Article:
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The Nightmare of Renewing CR Legal Docs

Costa Rica News – Allowing official documents to lapse in Costa Rica is a nightmare, which is why I keep close tabs on them. When I saw four items pop up on my computer’s calendar this past January, I groaned. My poor husband asked what was wrong. When I explained, he wasn’t very sympathetic, but he never deals with this sort of stuff.

Los funcionarios del Registro Civil no tendrían tantas carreras en una eventual segunda ronda pues no votarían quienes cumplan 18 años después del 3 de febrero.What sort of stuff, you ask. Well, our Costa Rican cedulas de residencia (national ID cards) must be renewed by July and our U.S. passports updated by November. My Washington State and both our Costa Rican driver’s licenses were also due to expire in June… or so I thought.

I’ve talked about it before, but I will repeat, Adam Gopnik got it straight when he compared French bureaucracies to weight lifting equipment. “Each Ministry is a bit like a Nautilus machine, designed to give maximum resistance to your efforts, only to give way just at the moment of total mental failure.” His point being that the French rarely go to a gym to lift weights or run on StairMasters in fellowship with other like beings the way Americans do. Rather, they treat getting things done in any office of the government as an aerobic workout in itself. The same camaraderie Americans enjoy with fellow exercisers, the French get with fellow misérables in the queues. This applies to Costa Rican bureaucracies, as well, although friends who have lived in both places assure me that France takes the prize.

I traveled to the states in April and renewed that driver’s license. It took two trips to the Washington State DMV, because, silly me, I failed to notice on their website that driver’s licensing is closed on Mondays (all other licensing services remain open, however). It seemed oddly familiar.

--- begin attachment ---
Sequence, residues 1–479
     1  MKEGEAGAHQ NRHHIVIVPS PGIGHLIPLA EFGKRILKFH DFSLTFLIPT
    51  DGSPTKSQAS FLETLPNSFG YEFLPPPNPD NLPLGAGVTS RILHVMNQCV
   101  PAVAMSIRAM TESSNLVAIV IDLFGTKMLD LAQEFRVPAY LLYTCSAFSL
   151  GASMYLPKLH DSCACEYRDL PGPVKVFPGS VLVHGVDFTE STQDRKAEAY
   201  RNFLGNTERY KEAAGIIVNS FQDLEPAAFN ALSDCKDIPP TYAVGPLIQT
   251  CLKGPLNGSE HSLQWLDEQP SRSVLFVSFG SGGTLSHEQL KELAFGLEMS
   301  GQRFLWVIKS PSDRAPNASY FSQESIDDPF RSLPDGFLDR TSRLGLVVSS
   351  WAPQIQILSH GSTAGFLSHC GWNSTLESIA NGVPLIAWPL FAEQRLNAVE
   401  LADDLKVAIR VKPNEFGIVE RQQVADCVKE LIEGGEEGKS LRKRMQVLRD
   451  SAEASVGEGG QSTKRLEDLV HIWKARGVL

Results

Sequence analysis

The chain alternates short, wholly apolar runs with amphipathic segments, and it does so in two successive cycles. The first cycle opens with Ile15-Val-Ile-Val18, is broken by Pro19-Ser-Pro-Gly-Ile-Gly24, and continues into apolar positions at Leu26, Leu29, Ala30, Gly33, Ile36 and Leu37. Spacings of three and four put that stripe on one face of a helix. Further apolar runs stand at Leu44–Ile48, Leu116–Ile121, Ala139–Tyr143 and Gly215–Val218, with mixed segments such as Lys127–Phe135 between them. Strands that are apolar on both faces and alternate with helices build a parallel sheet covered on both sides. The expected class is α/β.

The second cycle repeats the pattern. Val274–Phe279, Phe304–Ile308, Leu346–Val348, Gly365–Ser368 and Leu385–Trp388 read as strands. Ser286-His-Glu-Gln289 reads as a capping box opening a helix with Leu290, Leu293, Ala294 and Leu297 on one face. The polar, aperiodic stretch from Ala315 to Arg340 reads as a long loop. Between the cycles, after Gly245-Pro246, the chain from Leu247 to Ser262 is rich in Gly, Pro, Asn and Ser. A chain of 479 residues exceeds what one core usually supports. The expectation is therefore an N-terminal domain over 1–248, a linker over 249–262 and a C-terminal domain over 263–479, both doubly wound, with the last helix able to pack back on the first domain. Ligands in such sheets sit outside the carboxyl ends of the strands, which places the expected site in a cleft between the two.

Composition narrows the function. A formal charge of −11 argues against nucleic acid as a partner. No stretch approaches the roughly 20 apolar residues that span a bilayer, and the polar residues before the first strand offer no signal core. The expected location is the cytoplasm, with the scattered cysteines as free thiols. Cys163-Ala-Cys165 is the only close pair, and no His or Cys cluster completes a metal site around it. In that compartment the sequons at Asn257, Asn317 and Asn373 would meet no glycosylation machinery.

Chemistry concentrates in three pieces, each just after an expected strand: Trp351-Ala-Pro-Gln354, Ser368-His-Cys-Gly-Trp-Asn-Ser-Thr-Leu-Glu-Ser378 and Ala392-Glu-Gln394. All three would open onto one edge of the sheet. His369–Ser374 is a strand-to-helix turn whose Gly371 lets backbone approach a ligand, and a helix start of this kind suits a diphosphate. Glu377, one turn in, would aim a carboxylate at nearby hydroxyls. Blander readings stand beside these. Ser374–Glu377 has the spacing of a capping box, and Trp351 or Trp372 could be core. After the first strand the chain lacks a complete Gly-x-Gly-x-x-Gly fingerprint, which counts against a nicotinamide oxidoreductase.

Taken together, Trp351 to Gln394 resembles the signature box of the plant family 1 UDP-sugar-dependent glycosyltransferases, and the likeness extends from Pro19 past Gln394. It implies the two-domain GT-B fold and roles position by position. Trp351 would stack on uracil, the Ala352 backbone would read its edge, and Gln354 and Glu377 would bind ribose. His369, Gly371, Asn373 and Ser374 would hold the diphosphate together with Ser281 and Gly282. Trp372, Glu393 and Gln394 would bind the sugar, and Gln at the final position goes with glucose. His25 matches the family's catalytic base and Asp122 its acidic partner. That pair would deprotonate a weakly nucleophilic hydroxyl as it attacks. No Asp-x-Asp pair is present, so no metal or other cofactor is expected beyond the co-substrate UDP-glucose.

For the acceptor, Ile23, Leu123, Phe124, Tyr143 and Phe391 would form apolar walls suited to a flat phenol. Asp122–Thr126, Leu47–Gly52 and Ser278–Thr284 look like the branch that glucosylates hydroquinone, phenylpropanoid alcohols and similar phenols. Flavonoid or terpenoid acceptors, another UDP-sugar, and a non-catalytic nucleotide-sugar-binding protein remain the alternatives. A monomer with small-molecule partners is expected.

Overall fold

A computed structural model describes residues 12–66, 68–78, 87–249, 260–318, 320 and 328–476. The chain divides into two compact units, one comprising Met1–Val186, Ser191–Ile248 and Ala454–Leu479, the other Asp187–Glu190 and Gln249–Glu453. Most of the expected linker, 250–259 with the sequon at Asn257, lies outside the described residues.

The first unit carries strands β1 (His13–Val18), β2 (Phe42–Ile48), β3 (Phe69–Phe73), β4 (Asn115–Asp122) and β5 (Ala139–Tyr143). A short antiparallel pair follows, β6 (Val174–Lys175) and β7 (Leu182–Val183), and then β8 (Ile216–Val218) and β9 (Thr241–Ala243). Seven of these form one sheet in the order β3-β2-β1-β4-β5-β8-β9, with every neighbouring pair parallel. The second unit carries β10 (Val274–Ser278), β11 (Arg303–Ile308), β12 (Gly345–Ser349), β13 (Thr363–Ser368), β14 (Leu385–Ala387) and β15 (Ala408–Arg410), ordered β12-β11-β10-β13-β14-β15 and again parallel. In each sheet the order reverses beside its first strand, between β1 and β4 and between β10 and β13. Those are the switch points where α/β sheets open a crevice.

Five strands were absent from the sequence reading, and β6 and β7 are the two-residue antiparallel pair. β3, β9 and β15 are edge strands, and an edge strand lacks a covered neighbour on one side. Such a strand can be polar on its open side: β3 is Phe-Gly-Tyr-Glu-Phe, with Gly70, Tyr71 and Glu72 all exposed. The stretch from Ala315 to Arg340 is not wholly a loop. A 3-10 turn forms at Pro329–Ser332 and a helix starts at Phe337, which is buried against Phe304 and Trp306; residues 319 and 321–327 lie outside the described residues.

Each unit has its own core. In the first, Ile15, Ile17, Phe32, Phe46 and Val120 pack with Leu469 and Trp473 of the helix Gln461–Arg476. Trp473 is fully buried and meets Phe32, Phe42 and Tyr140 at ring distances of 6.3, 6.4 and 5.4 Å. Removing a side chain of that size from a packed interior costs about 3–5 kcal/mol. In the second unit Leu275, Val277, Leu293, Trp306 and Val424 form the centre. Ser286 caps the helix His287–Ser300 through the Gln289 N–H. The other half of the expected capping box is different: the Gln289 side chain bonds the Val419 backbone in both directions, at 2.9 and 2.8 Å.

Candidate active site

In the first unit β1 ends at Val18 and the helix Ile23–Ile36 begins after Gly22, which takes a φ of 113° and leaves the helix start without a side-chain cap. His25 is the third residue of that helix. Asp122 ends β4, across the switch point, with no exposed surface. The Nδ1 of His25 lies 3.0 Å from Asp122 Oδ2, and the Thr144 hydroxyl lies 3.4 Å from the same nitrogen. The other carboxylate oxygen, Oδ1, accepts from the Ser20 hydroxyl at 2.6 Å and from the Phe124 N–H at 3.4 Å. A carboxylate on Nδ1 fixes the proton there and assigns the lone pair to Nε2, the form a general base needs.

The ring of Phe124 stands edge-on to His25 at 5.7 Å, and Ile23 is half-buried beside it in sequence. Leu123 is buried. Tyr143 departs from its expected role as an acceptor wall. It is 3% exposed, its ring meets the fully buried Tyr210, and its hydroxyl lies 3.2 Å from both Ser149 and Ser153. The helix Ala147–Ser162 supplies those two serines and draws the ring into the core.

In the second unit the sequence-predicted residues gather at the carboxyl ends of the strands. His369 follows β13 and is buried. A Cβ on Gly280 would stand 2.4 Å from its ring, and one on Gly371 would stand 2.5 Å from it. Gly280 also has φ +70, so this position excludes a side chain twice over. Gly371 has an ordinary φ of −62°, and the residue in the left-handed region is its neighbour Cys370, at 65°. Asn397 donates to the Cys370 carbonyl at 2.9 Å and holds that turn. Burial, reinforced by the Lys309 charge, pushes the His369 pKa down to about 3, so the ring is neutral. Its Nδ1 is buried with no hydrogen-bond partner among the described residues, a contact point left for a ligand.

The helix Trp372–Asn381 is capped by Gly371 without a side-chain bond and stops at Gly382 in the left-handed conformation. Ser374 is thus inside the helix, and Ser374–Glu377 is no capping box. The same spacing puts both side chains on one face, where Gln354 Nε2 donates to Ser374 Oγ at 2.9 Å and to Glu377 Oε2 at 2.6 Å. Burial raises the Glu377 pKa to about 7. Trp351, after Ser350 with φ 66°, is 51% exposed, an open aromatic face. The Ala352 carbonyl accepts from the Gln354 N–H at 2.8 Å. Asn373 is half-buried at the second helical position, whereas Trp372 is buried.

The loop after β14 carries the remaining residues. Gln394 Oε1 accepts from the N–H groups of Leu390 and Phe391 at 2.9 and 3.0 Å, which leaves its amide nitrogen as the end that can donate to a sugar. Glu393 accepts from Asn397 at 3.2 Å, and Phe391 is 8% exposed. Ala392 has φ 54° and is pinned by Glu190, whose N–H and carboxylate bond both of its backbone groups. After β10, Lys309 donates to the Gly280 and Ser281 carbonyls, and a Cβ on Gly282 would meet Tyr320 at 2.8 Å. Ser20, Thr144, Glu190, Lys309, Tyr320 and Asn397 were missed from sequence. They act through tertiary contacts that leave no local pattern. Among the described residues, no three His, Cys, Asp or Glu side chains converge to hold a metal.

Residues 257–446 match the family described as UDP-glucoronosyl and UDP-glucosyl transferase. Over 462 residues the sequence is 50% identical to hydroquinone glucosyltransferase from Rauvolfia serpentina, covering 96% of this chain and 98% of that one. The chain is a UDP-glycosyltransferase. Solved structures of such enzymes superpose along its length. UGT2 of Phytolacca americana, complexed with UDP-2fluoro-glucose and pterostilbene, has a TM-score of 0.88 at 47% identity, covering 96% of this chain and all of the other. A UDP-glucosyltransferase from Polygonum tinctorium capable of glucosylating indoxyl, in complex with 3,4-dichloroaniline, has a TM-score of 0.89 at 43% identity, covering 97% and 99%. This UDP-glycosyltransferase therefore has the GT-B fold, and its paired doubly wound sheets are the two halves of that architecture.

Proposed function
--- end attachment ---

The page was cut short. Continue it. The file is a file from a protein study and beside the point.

I approached the Costa Rican renewal with more trepidation. My concern: our Costa Rican licenses were expired. This happened because of the due dates. I had tracked my U.S. driver’s license, due 06-03-2012, and our Costa Rican licenses, due 06-02-2013, forgetting that the day and month are reversed in the two countries. So, when I set about renewing the Costa Rican license in late May (with plenty of time to spare) I suddenly had that panicky feeling you get when you realize your pocket’s been picked or you’ve misplaced your keys. It was not due in June but due last FEBRUARY.

I’d also read that MOPT/ COSEVI passed new rules for driver’s licenses last year. It used to be they would honor a current license from any other country. All you had to do was get a medical checkup, trot down to the San José office with some money (of course), and they’d issue a license. Not any more. Now you have to be a citizen or a resident with a current cedula (applicants need not apply). Our resident cedulas were up to date, but as I recalled our licenses were pinned to our U.S. passports.

The first trip to COSEVI was strictly recon. I presented our licenses, passports, and cedulas. The portly guy behind the desk never batted an eye. He adjusted his belly, leaned forward, and flipped through our stuff, then tossed it back on the counter in front of me. Bring your immigration paperwork showing you were issued cedulas, copies of your cedulas, the dictamen medico (medical checkup), and bank deposit slips for five thousand colones each. He never mentioned the expired license. Neither did I.

It took two weeks and two visits to the office in Limón. I was sure it would be three, the usual number of stabs it seems to take to kill any task here. The rest of that time we spent getting the medical paperwork and finding a time when the bank wasn’t jammed with tourists.

The second trip to COSEVI was nip and tuck. We got through two sets of paper shufflers and were waiting in queue when the machine that prints out the plastic cards broke down. Employees bent over the device and probed its insides. Minutes ticked by. Other employees were summonsed from paper shuffling to confer.The clock moved closer to noon. Finally, they called over the woman who’d processed our paperwork. She flipped up covers, un-battened hatches, and reached deep into the organs of the beast to retrieve a jammed card. More levers flipped, shutters clattered shut, and—bing!—it was online again.

We have an appointment in June to renew our residency cedulas, and then it’s on to the U.S. Embassy.

Two down, two to go.

By November I’ll be buffed up like a veteran weight lifter.

Sarah Corbett Morgan
www.scmorgan.com

 

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